|We thought Miracle would be a sappy account of the 1980 "Miracle on Ice," in which 20 scrappy, scruffy American college kids beat the big, mean, otherworldly Soviet machine on its way to winning hockey gold at the Lake Placid Olympics. We were afraid the Disney movie would overly sentimentalize our greatest sports memory.
Now we realize even Disney couldn't overdo it. If anything, Miracle scales back on the drama and emotion of that night in February when Al Michaels made the famous call: "Do you believe in miracles? Yes!"
It wasn't just that the Americans were overmatched, playing against the best team in the world, a collection of Soviet robots who'd been playing together for years and who beat up on NHL teams in exhibitions. It wasn't just that the Russians thrashed Team USA 10-3 just two weeks before the Olympics in an exhibition of what looked like what was to come. It wasn't that the Russians had won gold in every Olympics since we won in 1960.
All those things would've made an American win in that semifinal medal-round game a great moment in sports, but what made the win over the Russians so huge, so much larger than a great hockey game, was that in 1980 we were still very much in the grips of the Cold War. Russia had invaded Afghanistan, hostages were being held in Tehran and the economy was a mess, punctuated by sky high inflation. You had to wait in line for gas. The national psyche was in the dumps.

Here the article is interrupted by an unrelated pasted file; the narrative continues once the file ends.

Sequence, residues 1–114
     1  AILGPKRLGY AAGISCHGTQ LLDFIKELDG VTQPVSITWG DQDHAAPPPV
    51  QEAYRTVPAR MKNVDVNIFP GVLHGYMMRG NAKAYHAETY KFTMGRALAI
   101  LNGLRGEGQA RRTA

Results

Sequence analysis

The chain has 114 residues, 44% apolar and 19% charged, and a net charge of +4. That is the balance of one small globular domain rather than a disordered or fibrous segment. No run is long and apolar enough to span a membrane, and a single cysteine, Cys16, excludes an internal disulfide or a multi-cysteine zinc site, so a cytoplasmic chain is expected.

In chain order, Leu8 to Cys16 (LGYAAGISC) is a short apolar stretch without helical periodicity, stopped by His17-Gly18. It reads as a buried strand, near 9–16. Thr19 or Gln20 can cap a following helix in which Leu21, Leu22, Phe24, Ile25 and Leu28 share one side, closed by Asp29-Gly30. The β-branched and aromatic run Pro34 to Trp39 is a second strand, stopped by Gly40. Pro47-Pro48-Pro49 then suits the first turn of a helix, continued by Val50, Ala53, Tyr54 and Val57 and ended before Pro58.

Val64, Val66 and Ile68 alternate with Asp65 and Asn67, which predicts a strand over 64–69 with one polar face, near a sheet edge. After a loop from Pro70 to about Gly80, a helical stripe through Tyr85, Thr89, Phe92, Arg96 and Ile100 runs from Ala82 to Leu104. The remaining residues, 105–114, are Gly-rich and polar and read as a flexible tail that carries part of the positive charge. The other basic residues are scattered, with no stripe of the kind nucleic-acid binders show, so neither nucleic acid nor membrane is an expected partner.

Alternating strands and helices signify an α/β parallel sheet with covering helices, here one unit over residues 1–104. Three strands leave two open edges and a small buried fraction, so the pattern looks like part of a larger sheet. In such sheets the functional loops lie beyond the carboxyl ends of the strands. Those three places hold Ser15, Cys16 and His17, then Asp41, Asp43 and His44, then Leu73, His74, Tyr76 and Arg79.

While the Cold War spun on passively, aggressively and inconclusively, here we had a definite winner---the overachieving good guys---and a definite loser. The "Miracle on Ice" made us believe in ourselves. There's just no way to overly sentimentalize it. We'd beaten our enemy when we were beginning to think we couldn't, and we did it against the longest odds. We're crying now as we write this.
Kurt Russell does an excellent job as Herb Brooks, the inspirational coach who hand-picked the team from mostly Minnesota and Massachusetts college players, and worked them hard. Russell looks more like Bobby Orr, the hockey great who played for the Boston Bruins, but he nails Brooks' Minnesotan accent. The ice in the film is white, not the milky blue weirdness in Lake Placid. Otherwise the filmmakers captured the look and feel of the event, right down to effective use of Michaels' actual call of the game.
There's a lot of hockey, another nod to director Gavin O'Connor for spending necessary time building drama on the ice. People who know little of the sport, though, like many of the people in the country who fell in love with the team 24 years ago, will not be lost.
What does it say about our own times that this year has seen two inspirational movies---Miracle and Seabiscuit---recalling great moments in sport that lifted spirits in past troubled times? We don't necessarily need a miracle in sport right now, but we could start by making sure George W. Bush doesn't kick off another Daytona 500.